Archive for the ‘Hosting’ Category
Taking a break from usability and operations that I normally address. Seobook.com published an outstanding guideline on setting up and marketing a business online on a budget.
The guide is straight to the point and offers a ton of good information about how to jump into SEO, analytics, hosting, and online marketing. What I like most about the article is that they give specific resources and products to make it happen, rather than the blanket, “you need to do this, find a company to do that, buy something like…” that we all suggest, all too often. Additionally, they pretty much break the costs down to about the cheapest a business can possibly get them for.
Anyway, I highly recommend this article for those new site owners or site owners on a budget that need to just get started with SEO and online marketing…
I will say that the article does not cover anything related to usability, design, or the actual setup of a website, which are extremely important. This article is applicable to businesses that have a website but if you are planning on setting up a website for your business, this article will give you a good direction and options of marketing, seo, and analytics, once you actually get your site up and running.
Just found out this morning that MySQL 5.1 is now officially supported on cpanel.
MySQL 5.1 offers some major improvements in some areas to MySQL 5.0. MySQL 5.1 was released over a year ago and it’s been a long wait for those cpanel users needing 5.1 features.
Upgrading is not as easy as the 4.0 – 5.0 upgrade but looks to be a reasonable procedure.
DNS is one of those things that everybody uses and nobody thinks about. We all just assume that when we type our website in the address bar and it comes up, then everything is OK.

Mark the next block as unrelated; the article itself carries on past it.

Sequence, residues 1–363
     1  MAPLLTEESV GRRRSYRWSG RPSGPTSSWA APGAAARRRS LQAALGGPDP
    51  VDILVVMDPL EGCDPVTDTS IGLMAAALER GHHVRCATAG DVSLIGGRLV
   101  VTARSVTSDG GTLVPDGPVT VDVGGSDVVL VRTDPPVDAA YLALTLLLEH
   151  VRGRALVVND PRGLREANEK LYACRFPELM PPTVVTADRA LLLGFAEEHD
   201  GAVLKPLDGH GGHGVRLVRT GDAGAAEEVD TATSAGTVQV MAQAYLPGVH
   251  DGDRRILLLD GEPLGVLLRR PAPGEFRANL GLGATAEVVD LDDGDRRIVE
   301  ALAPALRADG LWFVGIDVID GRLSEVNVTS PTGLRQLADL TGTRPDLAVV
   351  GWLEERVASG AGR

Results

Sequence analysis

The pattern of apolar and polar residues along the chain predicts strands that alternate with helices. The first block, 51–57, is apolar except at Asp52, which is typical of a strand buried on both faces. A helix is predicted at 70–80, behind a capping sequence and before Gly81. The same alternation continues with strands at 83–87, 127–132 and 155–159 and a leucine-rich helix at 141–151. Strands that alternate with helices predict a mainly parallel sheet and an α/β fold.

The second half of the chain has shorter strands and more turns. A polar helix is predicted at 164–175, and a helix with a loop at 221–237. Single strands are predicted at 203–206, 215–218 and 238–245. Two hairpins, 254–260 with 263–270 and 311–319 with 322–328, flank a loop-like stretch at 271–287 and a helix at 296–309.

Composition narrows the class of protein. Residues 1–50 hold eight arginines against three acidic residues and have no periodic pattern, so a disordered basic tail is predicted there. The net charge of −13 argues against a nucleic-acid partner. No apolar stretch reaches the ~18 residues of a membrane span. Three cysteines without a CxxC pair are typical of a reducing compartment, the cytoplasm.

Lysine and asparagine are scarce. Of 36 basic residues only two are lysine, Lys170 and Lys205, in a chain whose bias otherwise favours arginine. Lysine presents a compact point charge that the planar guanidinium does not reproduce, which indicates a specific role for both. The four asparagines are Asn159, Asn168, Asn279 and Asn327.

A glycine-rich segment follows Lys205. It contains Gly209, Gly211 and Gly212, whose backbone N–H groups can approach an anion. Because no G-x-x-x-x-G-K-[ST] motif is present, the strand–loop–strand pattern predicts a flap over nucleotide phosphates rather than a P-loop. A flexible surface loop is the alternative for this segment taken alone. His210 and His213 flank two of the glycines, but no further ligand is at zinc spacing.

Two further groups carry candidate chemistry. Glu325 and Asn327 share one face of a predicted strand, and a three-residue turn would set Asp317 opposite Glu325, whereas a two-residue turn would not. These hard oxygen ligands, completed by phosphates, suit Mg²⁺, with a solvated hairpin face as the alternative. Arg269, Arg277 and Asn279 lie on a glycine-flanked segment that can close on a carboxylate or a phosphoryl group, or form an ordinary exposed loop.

In reality, the way your business’s DNS is handled can be a gift or a curse. I can’t think of a technology that has been under more security scrutiny lately than DNS. Years after our typical DNS system was thought to be safe, huge exploits have been found having the potential to wreak havoc on large portions of the internet.
It has been a long held belief by most online shoppers that out of state internet purchases are tax free. I have to admit that I believed this for a long time myself, but unfortunately it’s not the case.
Just to dispel any theory dissolving that old ‘Death and Taxes’ quote, internet purchases are not tax free. That’s right. As the wording goes, most internet companies don’t have to collect out of state sales tax. However, consumers, businesses and any end users still must pay a “Use Tax” on non-taxed purchases that they make through mail-order or online.
Most states currently have Use Tax which specifically requires consumers to pay their state sales tax on purchases they make online that are not taxed by the business. There are some exemptions for certain types of products and for states that do not have any sales tax, but for the most part, taxes on these purchases are required to be paid to your state government. With the exception of very large purchases, use tax is rarely if ever monitored, as it would simply be an impossible feat for any state government to handle. However, we can all be sure that states are losing out on millions if not billions in uncollected taxes, so if you aren’t paying them, enjoy the free ride while it lasts.
Here’s a Use Tax table that I came up with covering which states require it:
(Let me pre-apologize about all of the PDF links here, Government websites are about as bad as they come, and in many cases PDF’s are the only pages available.)
This is a little plugin that I came across today. Nothing new, but after using it, there’s no way I would setup a cpanel/whm server without it.
This is essentially an extension of iptables firewall that integrates with a nice GUI in the WHM interface. It makes configuring the server’s firewall a snap, and also suggests other security fixes based on how your server is setup.
The installation took about 5 minutes to complete and another half hour to fully configure. You will need ssh or other shell access to install it on a server. This is an absolute necessity for any server. I only wish I would have found it a long time ago, as it is a huge time-saver.
I was looking over one of my websites a few weeks ago on a Sunday evening, and I started getting major errors on the site. I logged into my server, and after finding nothing obviously wrong, I gave the server the command to reboot.
About 5 minutes later, after the site didn’t return, I realized that there was a real problem. I called my host and asked them to check my server out. They proceeded to reboot the server, several times, and again nothing. After several minutes of diagnostics, the cause was traced the the primary hard drive, which had failed, mechanically.